Supplies of Lemonade apples from New Zealand are starting to build in volume.
“We’re just now getting into the New Zealand season. We began in the middle of May and we’ll probably go through August,” says Jason Bushong of Los Angeles, Ca.-based Giumarra.
Bushong notes that volumes of the apple, which is a Royal Gala apple cross pollinated with a Braeburn apple, should be similar to last year’s. “We haven’t seen an increase in New Zealand because they’re planning varieties for other parts of the world globally,” says Bushong.
He adds that sizing of the apples is in the mid-range this year and the eating quality and fruit finish is very good. “We even have a slight blush on the cheek of some apples this year. There were some cool nights right before harvest, so we have a nice pink coloring on a few,” says Bushong.
Bushong also notes that the apple offers consumers a unique choice in the yellow apple category. “There isn’t a lot of new innovation in the yellow category relative to what you see in the market on bicolored apples,” he says. “There are so many coming out that it’s causing confusion amongst consumers. It stands out visually, but the eating quality and the tangy-sweet flavor of the Lemonade apple also stimulates the rebuy.”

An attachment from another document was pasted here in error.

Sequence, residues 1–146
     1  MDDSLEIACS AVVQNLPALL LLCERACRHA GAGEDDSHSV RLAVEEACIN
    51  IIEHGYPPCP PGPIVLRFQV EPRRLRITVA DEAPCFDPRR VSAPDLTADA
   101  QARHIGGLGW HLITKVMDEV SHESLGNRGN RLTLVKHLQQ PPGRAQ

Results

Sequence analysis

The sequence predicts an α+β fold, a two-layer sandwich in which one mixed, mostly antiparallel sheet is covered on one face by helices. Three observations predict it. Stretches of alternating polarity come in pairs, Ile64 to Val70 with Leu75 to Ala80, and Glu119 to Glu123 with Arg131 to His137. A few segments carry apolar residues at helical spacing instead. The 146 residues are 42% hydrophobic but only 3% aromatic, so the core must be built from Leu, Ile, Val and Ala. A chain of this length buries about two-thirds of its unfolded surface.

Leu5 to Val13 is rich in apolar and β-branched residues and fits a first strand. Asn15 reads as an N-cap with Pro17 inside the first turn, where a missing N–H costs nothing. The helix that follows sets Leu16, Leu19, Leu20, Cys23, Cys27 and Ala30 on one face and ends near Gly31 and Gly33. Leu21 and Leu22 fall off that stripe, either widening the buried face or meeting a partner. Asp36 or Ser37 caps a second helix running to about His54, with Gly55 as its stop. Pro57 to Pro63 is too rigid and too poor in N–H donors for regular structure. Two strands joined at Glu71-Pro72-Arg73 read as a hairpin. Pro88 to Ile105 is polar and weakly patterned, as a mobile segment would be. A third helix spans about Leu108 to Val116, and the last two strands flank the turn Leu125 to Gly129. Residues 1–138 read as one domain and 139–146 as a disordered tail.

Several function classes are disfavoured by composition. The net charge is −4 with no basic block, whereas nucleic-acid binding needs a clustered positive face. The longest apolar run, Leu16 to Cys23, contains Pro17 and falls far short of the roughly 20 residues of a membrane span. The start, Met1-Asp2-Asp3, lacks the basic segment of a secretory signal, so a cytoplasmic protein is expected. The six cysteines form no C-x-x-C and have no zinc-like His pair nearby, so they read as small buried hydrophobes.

As for demand on the apples, Bushong says there have been early challenges. “The apple is definitely not immune to the issues around COVID-19 and SKU reductions in stores, etc.,” he says. “We’re seeing a bit of a pause. Those who’ve taken Lemonade apples from the beginning have jumped right in. But the new prospective customer is tentative because of the SKU reductions. We’re confident though that we’ll see a lift in demand.”
While volume will pick up in the coming weeks, Bushong notes that there are some ad placements coming in a few weeks as well. “That’s important because we’re coming into summer when we compete with summer fruits such as cherries or stone fruit out of California and Washington,” says Bushong.
Lemonade apple plantings in Washington.
And looking even further out, Bushong says that future growth in volume for the apple will rely on domestic regions. “We’ll see quite a bit of growth in planting this year and next in Washington and then Pennsylvania,” he says. “Initial trees went in the ground last season with this Spring 2020 being the first big planting. We’ll see some early fruit in about three years with a much larger jump in four years.”